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Geopolitics of the European Rule of Law – Lessons from Ukraine and the Western Balkans


Article by Elise Bernard


Excerpt from the Article:


Against a backdrop of growing Sino-American rivalry, the pandemic crisis and the Russian war on Ukraine no longer leave Europeans any alternative: the European Union will be geopolitical (Arnoult and Gaudot, 2022). Otherwise, it would condemn itself to impotence, returning to the insignificance of the Cold War years: Post-Soviet studies are still ongoing and lead us to promote new ways of thinking about the future. However, the Union can only claim to be such a global player if it resumes both its enlargement process and its constituent process – regardless of the current reluctance of member states to do either. The rule of law, democratic accountability and control are part of the EU’s influence, attraction and legitimacy (Bernard, 2022). For their part, the candidate countries have mostly understood this requirement, and Ukraine (and the fact that President Zelensky recognises that it will be difficult) is one of the best examples of this.


At the same time, Russian aggression has rekindled a movement of solidarity in Europe that we thought we had lost. It also confirms for Ukraine its European destiny (Houeix, 2022), and its domino effect on Georgia and Moldova. Any real political community is based, first and foremost, on a shared sense of belonging. In this respect, the return of a large-scale war on the continent will have at least strengthened this feeling, with the influx of Ukrainian families and their fraternal and spontaneous welcome by the peoples of the EU. The increasing Europeanisation of our national political scenes is progressing, slowly but surely, and we can acknowledge the fact that the French Presidency of the Council of the European Union (FPEU) has taken this issue in stride.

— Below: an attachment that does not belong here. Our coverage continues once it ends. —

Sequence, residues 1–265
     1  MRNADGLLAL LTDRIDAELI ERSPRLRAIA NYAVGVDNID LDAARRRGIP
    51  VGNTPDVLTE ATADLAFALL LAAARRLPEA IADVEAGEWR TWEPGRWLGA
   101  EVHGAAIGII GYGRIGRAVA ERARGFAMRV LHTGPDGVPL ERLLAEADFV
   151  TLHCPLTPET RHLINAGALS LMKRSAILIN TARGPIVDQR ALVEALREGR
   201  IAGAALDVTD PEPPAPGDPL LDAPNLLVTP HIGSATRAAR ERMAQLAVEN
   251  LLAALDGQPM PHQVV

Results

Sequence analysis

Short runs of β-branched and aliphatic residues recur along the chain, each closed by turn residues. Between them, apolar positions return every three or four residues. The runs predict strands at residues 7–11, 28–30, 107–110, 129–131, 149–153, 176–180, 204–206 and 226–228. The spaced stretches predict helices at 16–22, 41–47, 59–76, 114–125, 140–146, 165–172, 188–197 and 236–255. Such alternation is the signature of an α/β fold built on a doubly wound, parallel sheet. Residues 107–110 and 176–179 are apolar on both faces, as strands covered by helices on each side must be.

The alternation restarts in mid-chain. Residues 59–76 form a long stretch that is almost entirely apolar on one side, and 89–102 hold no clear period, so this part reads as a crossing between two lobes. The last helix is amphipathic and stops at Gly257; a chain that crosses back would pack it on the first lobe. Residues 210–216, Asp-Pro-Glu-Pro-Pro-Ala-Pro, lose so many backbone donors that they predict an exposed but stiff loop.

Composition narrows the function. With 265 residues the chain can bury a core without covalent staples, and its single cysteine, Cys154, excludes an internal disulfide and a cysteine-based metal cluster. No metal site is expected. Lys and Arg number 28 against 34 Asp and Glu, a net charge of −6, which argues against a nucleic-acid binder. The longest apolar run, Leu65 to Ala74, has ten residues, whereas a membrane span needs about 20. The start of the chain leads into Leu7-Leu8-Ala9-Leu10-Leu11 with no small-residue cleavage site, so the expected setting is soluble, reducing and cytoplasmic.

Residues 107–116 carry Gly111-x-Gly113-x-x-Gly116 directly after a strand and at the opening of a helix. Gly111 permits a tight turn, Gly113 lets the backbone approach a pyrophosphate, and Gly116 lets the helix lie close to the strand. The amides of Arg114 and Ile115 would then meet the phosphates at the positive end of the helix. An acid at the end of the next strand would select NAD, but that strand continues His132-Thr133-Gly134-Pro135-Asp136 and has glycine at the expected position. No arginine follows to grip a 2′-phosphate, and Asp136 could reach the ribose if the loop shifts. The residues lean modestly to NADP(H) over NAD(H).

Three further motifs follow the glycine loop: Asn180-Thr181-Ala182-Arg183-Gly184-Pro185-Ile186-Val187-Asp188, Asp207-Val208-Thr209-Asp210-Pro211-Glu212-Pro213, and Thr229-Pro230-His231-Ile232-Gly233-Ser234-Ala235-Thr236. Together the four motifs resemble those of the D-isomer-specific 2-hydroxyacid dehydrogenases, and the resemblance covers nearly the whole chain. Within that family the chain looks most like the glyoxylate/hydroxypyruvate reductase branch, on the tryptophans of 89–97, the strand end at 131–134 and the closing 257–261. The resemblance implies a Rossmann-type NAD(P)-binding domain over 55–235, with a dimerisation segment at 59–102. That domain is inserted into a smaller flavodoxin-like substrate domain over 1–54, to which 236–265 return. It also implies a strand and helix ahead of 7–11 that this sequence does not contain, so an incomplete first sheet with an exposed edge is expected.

The FPEU closed on 30 June 2022 with a strong symbol: the recognition of the candidate status of Ukraine and Moldova to the European Union (EU) and, to a lesser ex- tent, with the vote to lift the Bulgarian veto on North Mac- edonia. Unfortunately, we are far from concluding that the next enlargement will be an enthusiastic one: The is- sues concerning the Western Balkans seem to be lead- ing to the status quo ante (Kolozova and Bernard, 2022). However, current events have triggered a refreshed inter- est in the EU’s enlargement goals and processes. Several opportunities arise for rule of law promoters: to re- claim the security discourse; to explain EU enlargement through the commitment to the rule of law; and consequently, to develop a strategy to influence opponents of enlargement.


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